A big part of an orchestra’s musician’s life is people. You sit beside them, breathe the same air, share a music stand, turn pages for each other. And you perform in a hall full of people, sometimes in the thousands.
Musicians are also alone a lot, said Chip Hamann, Principal Oboe of the NAC Orchestra, which means that in some ways, life under the pandemic has been relatively normal. “Practising, preparing, studying, listening. As an oboist I spend a lot of time making reeds. I’m still doing all that. It’s just that there’s this luxury of time without the pressure of an immediate concert.”
Like so many artists, Chip is performing online these days, and he’s grateful for the NAC’s initiatives that provide those opportunities. At the end of March, he chose to perform a piece from Twitter Etudes Vol 2 for Solo Oboe by the Canadian composer John Burge for NACO Lunch Break. The piece is one of six études that Burge, a Queen’s University professor and composer, created on Chip’s suggestion. He will perform the rest of the études on Lunch Break, hoping to spread the word about Burge’s work so that Canadian oboe students can learn them too.
Performing solo, online, is very different, Chip said.
“When you’re in an orchestra, you’re part of a whole. It’s not this experience of doing something that is very exposed, and with it being on social media, it feels like it’s there forever. But there’s a kind of community that’s been growing through the pandemic of people showing their everyday work. [Principal Trumpet] Karen Donnelly did one called “#100daysof practice” that was started by a trumpet player in the Los Angeles Philharmonic, pre-COVID-19. There’s an interesting connection that takes place when you’re learning what your colleagues are doing.”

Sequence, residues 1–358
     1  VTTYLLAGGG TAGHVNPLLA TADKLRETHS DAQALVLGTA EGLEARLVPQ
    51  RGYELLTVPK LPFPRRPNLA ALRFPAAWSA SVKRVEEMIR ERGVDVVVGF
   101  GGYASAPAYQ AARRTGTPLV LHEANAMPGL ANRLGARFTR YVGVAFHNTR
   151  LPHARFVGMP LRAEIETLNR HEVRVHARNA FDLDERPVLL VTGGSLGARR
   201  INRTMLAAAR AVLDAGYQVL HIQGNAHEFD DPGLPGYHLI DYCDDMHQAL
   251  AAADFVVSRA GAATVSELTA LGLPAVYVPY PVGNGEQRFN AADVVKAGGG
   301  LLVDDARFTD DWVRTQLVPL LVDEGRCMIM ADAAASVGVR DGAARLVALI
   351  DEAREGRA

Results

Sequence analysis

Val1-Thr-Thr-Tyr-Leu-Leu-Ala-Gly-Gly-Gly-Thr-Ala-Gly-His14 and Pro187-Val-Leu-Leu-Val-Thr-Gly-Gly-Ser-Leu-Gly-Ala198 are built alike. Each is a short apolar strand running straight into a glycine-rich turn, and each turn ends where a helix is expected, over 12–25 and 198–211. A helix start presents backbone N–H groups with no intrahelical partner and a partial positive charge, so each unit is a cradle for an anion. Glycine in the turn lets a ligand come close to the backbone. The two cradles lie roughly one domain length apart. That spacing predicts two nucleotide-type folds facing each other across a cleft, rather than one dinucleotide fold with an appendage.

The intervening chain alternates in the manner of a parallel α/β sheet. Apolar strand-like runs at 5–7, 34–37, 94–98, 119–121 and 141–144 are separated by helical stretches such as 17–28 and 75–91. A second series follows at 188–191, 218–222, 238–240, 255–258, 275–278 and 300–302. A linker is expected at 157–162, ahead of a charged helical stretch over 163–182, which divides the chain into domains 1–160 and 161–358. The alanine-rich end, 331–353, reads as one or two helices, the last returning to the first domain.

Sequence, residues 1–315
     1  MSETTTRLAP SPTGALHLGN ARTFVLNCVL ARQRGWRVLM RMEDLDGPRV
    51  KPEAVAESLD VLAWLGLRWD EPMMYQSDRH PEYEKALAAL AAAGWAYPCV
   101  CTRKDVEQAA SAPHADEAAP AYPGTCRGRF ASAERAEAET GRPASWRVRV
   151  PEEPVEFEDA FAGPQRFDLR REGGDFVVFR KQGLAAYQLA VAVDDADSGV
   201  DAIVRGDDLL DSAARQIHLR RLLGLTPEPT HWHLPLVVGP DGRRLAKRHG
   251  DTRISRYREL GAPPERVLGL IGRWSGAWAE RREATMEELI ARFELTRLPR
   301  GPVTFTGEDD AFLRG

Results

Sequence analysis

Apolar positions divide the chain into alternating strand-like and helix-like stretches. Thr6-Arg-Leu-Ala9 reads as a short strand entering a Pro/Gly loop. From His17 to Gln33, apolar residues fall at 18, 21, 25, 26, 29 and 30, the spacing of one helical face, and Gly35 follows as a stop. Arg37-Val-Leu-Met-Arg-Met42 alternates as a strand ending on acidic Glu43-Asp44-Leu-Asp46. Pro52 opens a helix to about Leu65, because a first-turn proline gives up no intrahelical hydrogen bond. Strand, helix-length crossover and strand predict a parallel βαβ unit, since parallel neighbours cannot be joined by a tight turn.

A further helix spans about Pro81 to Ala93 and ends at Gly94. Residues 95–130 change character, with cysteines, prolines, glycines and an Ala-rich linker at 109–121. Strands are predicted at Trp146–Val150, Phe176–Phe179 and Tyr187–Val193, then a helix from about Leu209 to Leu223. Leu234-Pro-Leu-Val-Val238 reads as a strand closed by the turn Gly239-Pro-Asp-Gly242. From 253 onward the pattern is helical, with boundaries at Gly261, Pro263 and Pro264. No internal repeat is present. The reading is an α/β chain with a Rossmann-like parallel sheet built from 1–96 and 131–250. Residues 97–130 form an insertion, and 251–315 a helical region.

He’s enjoying the slower pace, of not having to rush. And he’s grateful to be part of the National Arts Centre Orchestra. “So many orchestras have had the official cancellation of their seasons, and layoffs. It’s great that the NAC has found ways for the Orchestra to keep in touch with our audiences.”
That more relaxed tempo has also meant more time for gardening – a passion for Chip, who has a topiary garden on his back deck. “It’s fun if you are a details kind of person.” His plants have wintered in the sunny parts of the house and will soon be moving out.
Last year he was out of the country nearly all of May – prime gardening time – during the Orchestra’s Fiftieth Anniversary European Tour. “I was sure I was going to miss the tulips, but it was like a miracle. It was a cold spring in Ottawa. We got back on May 31 and the tulips were at their peak.”